Leslie C. Green
Search for other papers by Leslie C. Green in
Current site
Google Scholar
The Protecting Power
Abstract only
Log-in for full text

In peacetime, when diplomatic relations are broken off between two countries, or when one is not represented in the territory of the other, they should follow some practice for representations. The normal practice is for the unrepresented one to nominate a third state acceptable to the recipient to represent its interests and protect its nationals in the recipient's territory. Each of the 1949 Conventions contains specific articles relating to the powers and functions of the Protecting Power, while Protocol I, 1977, has greatly improved the machinery for the appointment of a Protecting Power and increased its functions. Information concerning protected persons in the hands of an adverse party is transmitted to the state on whom they depend through the Protecting Power and the Central Prisoners of War or Central Information Agency. According to the Civilians Convention the Protecting Power is instrumental in protecting civilians, especially those in occupied territory.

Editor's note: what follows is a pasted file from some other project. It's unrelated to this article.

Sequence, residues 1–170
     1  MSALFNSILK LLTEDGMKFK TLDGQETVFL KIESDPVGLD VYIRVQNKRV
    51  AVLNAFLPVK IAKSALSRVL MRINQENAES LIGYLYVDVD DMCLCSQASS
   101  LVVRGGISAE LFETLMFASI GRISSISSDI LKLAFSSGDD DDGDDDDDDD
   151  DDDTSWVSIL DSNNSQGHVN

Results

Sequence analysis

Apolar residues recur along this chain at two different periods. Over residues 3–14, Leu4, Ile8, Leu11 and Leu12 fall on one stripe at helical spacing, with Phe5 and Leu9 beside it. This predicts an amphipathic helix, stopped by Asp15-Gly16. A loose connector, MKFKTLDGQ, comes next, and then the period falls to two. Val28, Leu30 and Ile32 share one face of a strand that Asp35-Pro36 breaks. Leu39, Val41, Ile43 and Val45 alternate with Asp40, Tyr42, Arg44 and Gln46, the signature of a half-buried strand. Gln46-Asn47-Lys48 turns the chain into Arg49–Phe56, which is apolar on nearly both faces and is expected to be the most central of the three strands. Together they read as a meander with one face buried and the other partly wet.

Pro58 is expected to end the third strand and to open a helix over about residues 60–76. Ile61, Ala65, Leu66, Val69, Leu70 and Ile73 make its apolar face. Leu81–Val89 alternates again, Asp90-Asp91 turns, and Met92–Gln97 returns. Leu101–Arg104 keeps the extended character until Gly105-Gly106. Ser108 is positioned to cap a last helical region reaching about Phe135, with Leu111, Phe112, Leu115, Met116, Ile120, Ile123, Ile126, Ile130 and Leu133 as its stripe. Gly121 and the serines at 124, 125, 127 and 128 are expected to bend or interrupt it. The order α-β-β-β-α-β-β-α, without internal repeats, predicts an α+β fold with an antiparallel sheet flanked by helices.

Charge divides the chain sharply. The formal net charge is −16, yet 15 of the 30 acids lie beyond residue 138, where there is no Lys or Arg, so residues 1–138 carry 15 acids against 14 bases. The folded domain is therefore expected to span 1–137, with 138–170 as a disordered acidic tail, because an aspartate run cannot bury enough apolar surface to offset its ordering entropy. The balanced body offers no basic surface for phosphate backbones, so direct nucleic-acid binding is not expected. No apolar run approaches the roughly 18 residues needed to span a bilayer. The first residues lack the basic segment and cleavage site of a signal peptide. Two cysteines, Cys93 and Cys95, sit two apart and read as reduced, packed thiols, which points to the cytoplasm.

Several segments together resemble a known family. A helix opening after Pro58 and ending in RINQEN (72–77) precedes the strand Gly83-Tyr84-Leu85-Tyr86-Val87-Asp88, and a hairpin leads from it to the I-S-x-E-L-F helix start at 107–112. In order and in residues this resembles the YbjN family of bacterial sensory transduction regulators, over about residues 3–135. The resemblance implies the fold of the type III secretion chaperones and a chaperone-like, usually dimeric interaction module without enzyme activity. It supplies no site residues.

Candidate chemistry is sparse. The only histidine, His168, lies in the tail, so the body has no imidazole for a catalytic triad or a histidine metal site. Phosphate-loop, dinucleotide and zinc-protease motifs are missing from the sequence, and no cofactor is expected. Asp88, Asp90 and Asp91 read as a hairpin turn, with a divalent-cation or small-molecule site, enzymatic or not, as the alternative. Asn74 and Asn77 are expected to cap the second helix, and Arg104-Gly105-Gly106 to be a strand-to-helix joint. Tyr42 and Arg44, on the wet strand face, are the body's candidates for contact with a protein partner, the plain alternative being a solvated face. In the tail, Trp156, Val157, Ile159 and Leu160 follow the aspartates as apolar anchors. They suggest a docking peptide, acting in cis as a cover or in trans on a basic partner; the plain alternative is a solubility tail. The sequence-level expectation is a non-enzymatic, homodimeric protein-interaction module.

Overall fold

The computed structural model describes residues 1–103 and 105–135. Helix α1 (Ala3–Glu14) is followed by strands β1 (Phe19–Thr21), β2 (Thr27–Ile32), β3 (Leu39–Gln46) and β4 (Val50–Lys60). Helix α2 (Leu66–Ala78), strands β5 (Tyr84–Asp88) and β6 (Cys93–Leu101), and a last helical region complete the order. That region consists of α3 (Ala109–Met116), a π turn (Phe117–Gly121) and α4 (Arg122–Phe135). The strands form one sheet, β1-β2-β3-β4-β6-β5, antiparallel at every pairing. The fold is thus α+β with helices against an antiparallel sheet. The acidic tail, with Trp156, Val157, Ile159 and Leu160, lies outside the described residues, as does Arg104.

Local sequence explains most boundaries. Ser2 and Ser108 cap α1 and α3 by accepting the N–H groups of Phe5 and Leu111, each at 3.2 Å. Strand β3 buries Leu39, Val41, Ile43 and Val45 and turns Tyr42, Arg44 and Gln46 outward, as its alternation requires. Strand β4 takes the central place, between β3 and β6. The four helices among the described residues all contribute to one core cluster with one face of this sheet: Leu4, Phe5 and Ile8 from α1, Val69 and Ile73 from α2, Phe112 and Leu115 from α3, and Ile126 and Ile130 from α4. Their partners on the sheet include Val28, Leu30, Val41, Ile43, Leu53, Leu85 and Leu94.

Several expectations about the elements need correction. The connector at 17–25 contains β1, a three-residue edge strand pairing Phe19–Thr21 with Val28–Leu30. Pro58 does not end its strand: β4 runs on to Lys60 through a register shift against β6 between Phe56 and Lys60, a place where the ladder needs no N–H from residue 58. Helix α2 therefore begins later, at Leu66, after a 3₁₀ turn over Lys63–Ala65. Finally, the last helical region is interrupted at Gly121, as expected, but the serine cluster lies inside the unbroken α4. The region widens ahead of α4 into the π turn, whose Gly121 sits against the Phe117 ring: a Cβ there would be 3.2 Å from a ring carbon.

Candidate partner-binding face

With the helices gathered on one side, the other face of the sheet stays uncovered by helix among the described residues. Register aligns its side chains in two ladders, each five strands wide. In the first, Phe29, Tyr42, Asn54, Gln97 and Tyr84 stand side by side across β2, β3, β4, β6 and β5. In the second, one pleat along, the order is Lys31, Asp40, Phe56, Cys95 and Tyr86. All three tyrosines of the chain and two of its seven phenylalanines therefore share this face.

• Collapse
  • Expand

All of MUP's digital content including Open Access books and journals is now available on manchesterhive.



All Time Past Year Past 30 Days
Abstract Views 258 59 13
Full Text Views 92 3 0
PDF Downloads 38 6 0